Monday, June 9, 2008
Dig up the front lawn!
Another step towards greater (self-)sustainability: I have added more fruit trees to our garden. This time I dug up the front "lawn" (if you can call it that after countless years of drought - maybe I should call it the balding front weed patch instead?) to plant pears, plums, apricots and a cherry tree. (I had placed the chairs on the lawn to get an idea of where I would plant the trees)
These are all standard sized trees and will eventually reach approximately four meters in height and diameter. This should give us some nice shady spots in summer!
The week before I had already added some miniature apple and pear trees (they grow "only" up to three meters) to our existing small "orchard" which is rapidly running out of space. I am planning to espalier the apples and have set up posts and wires to train the trees onto those.
Unfortunately, I also have a few trees in the orchard area that may not be fruit trees - no idea whether the previous owner had planted them and they got broken off and have only now come back (in which case they might just be root stock and no good), or whether they put themselves there (they are rather small so it is possible that they are either woody weeds of some kind or "self seeded" fruit trees). If they turn out to be weeds, they can be harvested for their wood, so nothing is lost.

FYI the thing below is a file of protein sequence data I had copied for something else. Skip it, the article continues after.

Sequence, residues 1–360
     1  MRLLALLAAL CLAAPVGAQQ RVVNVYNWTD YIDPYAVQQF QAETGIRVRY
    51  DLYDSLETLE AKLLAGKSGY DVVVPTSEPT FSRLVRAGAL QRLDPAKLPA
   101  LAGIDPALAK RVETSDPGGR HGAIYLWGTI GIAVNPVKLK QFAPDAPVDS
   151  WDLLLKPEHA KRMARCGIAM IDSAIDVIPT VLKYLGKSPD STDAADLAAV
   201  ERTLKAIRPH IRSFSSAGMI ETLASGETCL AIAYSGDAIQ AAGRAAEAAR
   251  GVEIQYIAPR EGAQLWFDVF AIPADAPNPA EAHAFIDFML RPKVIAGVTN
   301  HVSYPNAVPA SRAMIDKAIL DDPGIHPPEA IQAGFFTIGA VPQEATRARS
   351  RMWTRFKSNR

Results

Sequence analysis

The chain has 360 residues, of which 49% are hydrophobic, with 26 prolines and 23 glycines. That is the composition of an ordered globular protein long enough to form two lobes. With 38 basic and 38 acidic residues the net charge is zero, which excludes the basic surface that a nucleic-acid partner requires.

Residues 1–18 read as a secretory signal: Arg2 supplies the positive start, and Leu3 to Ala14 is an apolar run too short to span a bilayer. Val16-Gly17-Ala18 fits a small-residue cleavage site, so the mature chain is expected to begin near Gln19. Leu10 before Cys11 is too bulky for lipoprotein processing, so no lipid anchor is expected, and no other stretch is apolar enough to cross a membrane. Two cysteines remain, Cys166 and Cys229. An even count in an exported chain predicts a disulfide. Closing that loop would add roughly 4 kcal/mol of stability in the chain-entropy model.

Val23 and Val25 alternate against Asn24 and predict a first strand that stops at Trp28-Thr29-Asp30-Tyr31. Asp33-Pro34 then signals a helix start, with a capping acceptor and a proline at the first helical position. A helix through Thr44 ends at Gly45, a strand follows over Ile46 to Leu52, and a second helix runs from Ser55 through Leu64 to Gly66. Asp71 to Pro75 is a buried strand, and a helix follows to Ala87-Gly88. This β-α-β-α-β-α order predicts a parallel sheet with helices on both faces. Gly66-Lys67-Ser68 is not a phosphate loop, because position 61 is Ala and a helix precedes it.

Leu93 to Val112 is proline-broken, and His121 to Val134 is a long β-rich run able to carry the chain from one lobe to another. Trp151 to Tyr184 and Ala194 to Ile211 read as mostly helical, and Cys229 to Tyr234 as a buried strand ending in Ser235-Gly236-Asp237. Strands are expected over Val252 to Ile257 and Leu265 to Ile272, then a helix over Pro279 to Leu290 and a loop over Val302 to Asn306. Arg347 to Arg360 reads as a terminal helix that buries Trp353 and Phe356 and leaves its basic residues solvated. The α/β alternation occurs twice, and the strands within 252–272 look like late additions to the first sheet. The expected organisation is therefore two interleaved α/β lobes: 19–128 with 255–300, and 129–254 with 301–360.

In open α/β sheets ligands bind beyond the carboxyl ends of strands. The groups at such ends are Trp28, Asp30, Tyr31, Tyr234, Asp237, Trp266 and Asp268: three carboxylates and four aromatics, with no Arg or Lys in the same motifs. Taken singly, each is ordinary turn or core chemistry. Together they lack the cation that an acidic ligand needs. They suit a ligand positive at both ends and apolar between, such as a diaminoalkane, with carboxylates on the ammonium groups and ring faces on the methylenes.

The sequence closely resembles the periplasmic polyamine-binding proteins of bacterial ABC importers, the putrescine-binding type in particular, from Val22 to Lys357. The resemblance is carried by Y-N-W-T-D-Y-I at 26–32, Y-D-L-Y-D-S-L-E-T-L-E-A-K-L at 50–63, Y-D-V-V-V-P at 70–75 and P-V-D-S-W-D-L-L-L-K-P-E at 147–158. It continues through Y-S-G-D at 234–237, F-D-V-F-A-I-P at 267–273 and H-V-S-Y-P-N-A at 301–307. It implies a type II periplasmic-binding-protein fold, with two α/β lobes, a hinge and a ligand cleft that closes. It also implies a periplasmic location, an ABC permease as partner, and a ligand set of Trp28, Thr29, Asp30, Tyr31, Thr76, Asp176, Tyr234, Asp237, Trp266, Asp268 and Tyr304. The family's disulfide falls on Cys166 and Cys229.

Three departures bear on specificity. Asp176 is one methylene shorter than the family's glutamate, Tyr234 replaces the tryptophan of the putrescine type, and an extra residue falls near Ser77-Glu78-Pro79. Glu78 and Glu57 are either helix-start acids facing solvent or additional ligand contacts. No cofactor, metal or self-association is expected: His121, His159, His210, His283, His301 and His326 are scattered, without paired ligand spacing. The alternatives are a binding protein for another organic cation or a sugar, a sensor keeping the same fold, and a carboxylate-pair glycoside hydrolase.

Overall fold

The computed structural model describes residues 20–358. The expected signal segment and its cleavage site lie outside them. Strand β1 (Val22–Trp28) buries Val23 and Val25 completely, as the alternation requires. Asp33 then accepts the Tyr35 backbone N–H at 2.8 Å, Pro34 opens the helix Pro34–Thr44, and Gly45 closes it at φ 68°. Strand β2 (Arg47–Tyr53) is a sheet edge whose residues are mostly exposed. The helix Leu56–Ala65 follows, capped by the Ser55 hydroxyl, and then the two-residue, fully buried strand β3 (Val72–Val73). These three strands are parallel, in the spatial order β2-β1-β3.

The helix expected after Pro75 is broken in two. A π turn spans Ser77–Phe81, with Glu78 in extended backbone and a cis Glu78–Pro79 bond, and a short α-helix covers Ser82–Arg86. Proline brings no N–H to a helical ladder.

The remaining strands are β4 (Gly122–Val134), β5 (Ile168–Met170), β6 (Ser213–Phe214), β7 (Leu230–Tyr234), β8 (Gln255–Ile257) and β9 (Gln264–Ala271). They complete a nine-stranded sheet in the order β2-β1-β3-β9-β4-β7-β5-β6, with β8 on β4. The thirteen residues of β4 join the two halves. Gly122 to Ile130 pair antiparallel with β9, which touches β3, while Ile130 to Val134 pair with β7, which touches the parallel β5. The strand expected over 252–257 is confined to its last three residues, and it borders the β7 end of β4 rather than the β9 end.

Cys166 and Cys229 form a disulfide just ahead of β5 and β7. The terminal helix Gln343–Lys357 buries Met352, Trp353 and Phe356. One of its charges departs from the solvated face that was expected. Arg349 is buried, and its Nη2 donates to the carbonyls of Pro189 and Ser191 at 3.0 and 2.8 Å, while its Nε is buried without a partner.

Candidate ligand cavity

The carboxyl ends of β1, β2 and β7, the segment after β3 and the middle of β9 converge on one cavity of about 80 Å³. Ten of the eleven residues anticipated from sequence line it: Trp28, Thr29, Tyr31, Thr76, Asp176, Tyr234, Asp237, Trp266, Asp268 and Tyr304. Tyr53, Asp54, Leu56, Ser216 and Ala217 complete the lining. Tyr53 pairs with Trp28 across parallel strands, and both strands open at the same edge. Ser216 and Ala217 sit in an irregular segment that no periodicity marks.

Following Jackie French's advice, I am also trying to grow more trees from seed. So far I have managed to grow several peach trees (luckily we love peaches...) and some plums. I am just wondering whether the plums will bear fruit as I have no idea what they are and therefore don't know whether I have the right pollinator.
Since my earlier tree planting efforts I have learnt a few things. Some of the most important lessons learnt are:
- You need to dig a hole of at least about 1 meter in diameter to plant the tree. Keep the area around the tree free of grass.
- Fruit trees need some watering in winter (even when they are deciduous) and regular water in summer, at least until they are well established. I now plant all my trees with a plastic water bottle stuck upside down (bottom cut off and without lid) next to the tree, so that I can water deeper down and minimise run-off.)
- Get onto cherry and pear slugs quickly, they can and will kill your tree (I lost several trees due to these slimy black little critters).
- A good mulch is vital. Mulch regularly but not too close to the stem to prevent rot.